Don Barnes used to have a very strong voice, and sang some things like he was belting out the lyrics. Some videos from the early 2000's have his voice breaking up and not hitting the notes. Sometime by the mid 2000's Barnes voice changed in such a way that you could tell he was not singing as loudly, plus his voice sounded different on the vowel sounds.

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How bout an example of the Barnes stuff, Steve?

Two things there are too many of in the world. Triumph albums and Krokus albums.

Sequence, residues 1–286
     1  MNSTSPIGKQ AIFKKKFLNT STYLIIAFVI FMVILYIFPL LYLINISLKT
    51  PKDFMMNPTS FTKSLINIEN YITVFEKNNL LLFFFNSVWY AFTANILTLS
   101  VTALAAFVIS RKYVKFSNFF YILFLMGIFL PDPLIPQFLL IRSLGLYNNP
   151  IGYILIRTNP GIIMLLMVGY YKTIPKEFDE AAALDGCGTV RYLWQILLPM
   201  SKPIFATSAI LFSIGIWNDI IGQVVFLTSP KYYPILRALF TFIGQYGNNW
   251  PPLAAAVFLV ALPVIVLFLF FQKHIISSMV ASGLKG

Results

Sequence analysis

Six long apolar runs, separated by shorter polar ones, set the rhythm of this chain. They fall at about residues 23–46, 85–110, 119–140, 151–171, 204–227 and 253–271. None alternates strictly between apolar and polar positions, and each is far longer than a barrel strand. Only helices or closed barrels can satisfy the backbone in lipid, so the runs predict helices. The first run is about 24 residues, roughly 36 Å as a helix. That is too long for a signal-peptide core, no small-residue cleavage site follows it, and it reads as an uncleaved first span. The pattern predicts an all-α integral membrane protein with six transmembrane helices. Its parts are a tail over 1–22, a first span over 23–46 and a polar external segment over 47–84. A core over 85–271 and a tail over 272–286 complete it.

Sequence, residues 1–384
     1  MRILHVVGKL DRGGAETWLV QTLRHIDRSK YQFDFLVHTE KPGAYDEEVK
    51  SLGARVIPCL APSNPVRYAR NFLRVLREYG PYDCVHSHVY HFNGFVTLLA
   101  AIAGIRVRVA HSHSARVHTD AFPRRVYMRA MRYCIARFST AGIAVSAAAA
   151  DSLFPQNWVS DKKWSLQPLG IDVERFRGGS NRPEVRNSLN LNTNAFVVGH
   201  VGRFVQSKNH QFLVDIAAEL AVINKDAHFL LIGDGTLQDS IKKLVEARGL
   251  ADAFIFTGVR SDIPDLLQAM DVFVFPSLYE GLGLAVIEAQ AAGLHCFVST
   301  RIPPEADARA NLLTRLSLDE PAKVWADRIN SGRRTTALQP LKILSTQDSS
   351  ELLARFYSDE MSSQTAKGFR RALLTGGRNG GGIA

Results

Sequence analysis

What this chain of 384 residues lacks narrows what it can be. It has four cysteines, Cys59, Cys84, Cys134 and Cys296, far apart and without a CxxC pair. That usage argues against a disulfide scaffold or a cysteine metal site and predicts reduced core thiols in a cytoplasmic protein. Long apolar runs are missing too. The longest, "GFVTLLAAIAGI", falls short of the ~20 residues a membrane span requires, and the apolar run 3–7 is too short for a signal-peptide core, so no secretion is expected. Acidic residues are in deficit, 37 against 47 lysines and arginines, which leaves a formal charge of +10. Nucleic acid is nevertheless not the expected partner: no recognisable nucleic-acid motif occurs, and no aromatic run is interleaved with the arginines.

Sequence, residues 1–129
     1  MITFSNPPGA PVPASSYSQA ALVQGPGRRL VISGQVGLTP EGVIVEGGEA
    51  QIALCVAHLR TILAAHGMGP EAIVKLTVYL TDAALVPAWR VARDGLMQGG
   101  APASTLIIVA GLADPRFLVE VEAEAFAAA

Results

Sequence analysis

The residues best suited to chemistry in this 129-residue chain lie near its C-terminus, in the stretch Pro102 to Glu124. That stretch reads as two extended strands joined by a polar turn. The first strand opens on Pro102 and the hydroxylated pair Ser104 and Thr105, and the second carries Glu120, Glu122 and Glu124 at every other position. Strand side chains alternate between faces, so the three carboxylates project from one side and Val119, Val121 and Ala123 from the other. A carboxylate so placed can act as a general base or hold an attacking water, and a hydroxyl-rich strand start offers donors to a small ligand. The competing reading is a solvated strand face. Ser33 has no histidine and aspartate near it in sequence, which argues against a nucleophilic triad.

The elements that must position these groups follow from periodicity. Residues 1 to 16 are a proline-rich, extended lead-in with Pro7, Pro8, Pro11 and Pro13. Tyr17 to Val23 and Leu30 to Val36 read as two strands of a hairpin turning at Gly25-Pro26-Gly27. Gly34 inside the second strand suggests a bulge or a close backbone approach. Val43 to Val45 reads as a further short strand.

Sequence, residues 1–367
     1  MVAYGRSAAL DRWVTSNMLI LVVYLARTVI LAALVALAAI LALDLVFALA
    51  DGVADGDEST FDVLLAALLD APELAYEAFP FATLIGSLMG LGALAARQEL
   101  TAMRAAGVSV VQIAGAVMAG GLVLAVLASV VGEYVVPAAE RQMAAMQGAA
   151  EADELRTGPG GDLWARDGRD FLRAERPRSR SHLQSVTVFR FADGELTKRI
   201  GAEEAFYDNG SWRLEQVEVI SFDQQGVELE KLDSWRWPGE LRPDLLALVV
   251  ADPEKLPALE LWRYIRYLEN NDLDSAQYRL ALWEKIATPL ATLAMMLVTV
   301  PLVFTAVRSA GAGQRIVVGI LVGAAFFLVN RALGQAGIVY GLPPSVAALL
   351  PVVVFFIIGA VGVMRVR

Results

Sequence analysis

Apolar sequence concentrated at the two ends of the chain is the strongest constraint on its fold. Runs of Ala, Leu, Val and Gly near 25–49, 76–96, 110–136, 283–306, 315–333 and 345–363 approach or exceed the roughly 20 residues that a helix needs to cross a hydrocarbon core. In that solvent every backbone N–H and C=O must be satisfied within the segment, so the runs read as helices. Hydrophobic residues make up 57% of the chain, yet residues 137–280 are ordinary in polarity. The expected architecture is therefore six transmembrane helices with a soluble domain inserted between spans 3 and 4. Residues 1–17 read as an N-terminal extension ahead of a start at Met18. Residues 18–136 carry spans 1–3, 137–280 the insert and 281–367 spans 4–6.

Cool about the Allied Forces guitars. I was WAY into that album.

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"For the words of the prophets profits were written on the studio wall."

Not to nitpick, but that little bit of wordplay is essential to the thematic point of the song! :)

Hey, I quoted it from memory from 2 decades ago. And a year-and-a-half of hardcore weed. Maybe I made the lyric better.

I said I was nitpicking. :)

The words of the prophets are written on the subway walls

And tenement halls

And whispered in the sounds of silence -Simon and Garfunkel

For the words of the profits were written on the studio wall

Concert hall

And echoes with the sounds of salesmen -Peart

It's a... I say, it's a gag, man! :lol:

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It's crazy that I didn't realize the proper spelling til this thread, and I read all them damn lyrics, repeatedly!